HOBBIES ARE GOOD FOR YOUR HEALTH

Do you have a hobby? Hobbies can give meaning and purpose to your life in retirement. As Robert Putnam points out in his book, Bowling Alone, it’s easy to discount the importance of hobbies and social engagements. Putnam details the widespread decline in civic engagement, from PTA memberships to neighborhood potlucks and bowling leagues. Over a couple of generations, Americans have misplaced the concept of free time.

SPECIAL PLANS FOR YOUR SPECIAL PEOPLE

Lily is a beautiful, active and full of personality toddler who happens to have Down syndrome. Lily’s parents and I have been friends for years and I have the continuing pleasure of watching Lily and her siblings grow up. While Lily is becoming a physical therapy rock star and hitting all her milestones in a timely fashion, her parents have started planning for the future.

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WHY WE ENJOY OUR HOBBIES

The Merriam-Webster dictionary defines a hobby as “a pursuit outside one’s regular occupation, engaged in especially for relaxation.” Hobbies include anything from playing a musical instrument to gardening, bird watching or sewing. A hobby is a way of focusing on something you enjoy just for the sake of that enjoyment. It may also be a way to clear your mental palette. You could be stressed out by a situation at work or the challenges of raising children and need an escape.

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potential before retirement. The Bureau of Labor Statistics is a good resource to check career trends in all fields and industries.


Maybe you’re already retired but need to earn money; in this case, the odds are probably in your favor because there are many nationwide programs that entitle older students to earn degrees tuition-free – including at the University of Kentucky.


If you just want to learn and do not require credits, a certification or a degree, you are in luck. Many universities, including Ivy League schools such as Yale, Harvard, MIT and Stanford, as well as other universities and organizations, offer free online courses. Some offer the ability to pay for certification or credits.


All this considered, there’s nothing standing in the way for older adults to continue learning if they wish. It’s already becoming more prevalent, and soon it will be the new norm.

BACK TO THE BOOKS - OLDER COLLEGE STUDENTS

non-traditional. In fact, 74 percent of all 2011-2012 under-graduates had at least one non-traditional characteristic, and about 33 percent had two or three, as reported by ECampus news.


If you’re feeling the call to return to campus, clearly you are not in the minority; but should you? Deciding will depend on your personal situation and the motivation behind your desire.


Those still working who already have a degree(s) but want to advance in their careers have many options. If you need another degree, consider your age and the earning potential the advanced degree brings and the number of years you will still work. Certifications are a quicker and less expensive option for many careers. Both paths can be achieved in person or online. Online learning is no longer stigmatized, but be sure to research the institution well. If it’s attached to a brick-and-mortar university, you can enroll worry-free.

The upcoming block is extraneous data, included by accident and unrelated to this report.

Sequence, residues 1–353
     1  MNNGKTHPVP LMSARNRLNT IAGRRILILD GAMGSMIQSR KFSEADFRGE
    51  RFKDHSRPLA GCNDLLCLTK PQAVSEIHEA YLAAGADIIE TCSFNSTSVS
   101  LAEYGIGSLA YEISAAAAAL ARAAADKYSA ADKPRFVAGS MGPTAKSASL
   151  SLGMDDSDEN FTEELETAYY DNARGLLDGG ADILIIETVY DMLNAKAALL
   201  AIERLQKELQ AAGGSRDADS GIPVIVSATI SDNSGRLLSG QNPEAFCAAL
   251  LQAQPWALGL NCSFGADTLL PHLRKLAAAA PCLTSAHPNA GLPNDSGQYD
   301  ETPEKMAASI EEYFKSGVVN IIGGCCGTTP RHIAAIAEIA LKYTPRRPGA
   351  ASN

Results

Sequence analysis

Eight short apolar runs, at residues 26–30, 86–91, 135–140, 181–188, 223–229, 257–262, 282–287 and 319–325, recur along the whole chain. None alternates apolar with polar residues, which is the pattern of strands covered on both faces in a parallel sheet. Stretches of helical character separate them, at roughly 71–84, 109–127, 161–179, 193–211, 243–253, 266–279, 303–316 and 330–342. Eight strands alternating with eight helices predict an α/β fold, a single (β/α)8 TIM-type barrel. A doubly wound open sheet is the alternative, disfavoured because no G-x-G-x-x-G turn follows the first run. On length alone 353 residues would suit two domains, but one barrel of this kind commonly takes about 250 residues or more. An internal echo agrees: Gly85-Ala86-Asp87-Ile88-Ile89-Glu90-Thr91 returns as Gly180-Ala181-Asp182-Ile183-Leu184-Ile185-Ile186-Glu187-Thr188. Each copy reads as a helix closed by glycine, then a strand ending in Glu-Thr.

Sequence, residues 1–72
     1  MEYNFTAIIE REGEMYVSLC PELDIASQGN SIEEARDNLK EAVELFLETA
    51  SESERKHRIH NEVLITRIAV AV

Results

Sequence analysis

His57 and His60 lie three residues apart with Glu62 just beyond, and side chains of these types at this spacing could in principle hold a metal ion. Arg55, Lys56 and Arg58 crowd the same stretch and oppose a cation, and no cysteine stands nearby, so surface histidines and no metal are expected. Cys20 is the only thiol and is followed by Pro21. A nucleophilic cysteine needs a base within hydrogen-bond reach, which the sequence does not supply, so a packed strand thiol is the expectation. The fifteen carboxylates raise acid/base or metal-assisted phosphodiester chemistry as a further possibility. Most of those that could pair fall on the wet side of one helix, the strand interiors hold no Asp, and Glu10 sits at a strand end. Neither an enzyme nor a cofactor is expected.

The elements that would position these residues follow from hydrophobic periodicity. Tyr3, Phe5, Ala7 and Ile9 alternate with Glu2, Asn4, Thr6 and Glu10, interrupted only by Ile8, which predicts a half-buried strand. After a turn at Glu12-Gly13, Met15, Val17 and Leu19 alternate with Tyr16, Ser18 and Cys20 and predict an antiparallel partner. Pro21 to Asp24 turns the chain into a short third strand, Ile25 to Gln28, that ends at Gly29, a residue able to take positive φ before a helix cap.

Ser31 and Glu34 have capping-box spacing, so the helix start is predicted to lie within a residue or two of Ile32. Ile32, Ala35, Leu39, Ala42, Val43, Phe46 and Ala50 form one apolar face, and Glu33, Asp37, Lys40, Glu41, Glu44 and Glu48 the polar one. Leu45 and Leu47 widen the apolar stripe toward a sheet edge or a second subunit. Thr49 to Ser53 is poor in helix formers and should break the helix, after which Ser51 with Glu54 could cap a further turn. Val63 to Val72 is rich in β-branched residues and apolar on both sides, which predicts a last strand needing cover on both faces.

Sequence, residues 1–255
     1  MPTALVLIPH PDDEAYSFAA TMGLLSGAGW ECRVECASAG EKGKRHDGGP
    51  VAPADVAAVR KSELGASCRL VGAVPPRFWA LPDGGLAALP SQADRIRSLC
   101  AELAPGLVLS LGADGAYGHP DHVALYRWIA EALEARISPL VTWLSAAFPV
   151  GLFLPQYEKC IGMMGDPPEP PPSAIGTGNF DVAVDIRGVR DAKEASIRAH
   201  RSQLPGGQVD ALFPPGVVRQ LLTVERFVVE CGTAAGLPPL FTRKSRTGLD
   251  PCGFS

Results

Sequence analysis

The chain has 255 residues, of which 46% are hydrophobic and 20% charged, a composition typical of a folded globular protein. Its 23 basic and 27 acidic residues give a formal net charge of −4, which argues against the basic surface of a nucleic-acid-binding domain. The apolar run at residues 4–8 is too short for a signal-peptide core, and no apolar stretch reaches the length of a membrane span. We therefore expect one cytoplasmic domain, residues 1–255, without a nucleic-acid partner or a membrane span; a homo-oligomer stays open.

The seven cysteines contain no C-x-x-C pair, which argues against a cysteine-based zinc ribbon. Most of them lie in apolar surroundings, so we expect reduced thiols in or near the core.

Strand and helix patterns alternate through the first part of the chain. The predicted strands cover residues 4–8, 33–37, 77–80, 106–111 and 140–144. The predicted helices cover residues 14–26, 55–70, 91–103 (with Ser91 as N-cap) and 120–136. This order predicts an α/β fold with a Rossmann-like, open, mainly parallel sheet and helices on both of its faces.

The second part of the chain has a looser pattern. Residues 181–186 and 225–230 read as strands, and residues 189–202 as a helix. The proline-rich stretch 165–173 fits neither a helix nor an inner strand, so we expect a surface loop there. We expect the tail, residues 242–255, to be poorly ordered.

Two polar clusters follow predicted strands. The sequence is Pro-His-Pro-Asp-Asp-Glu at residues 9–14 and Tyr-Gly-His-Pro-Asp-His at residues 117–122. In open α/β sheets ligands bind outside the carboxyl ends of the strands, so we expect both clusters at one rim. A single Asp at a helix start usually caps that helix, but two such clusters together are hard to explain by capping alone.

If you want to change careers, you’ll have to consider your age, the time and money required for the degree, if the field is in demand and hiring and if all this yields a good return on investment when considering cost versus future earning

More and more older people are now returning to school than any other time in history. Longer lifespans with good health, career advancement, a career change and the desire to learn are just a few factors for this phenomenon.


Of the 21 million people enrolled in a post-high school program, 2.3 million were between ages 40 and 64 years in 2014, an increase from 1.9 million in 2007, according to Pew Research and the National Center for Education Statistics. This may not seem significant, but consider that by 2030 – only 10 years from now – 20 percent of the U.S. population – more than 70 million people – will be aged 65 years or older, according to a U.S. Census Bureau calculation.


Older college students are called non-traditional students, but as the trend increases and the baby boomers continue to age, non-traditional is really becoming more standard. Non-traditional students are defined by certain characteristics, which include age, high school requirements (G.E.D.; no SATs), enrollment patterns (not doing so immediately after high school; not getting a master’s or Ph.D. immediately after earning the former degree), and financial and family status (having dependents, a spouse, working fulltime while enrolled, being a single-parent, etc.). Using these criteria to identify non-traditional students, EducationDrive, employing data from the U.S. Dept. of Education’s National Center for Education Statistics, says the majority of undergrads are now

ANGELA S. HOOVER




Angela S. Hoover is a Staff Writer for Living Well 60+ Magazine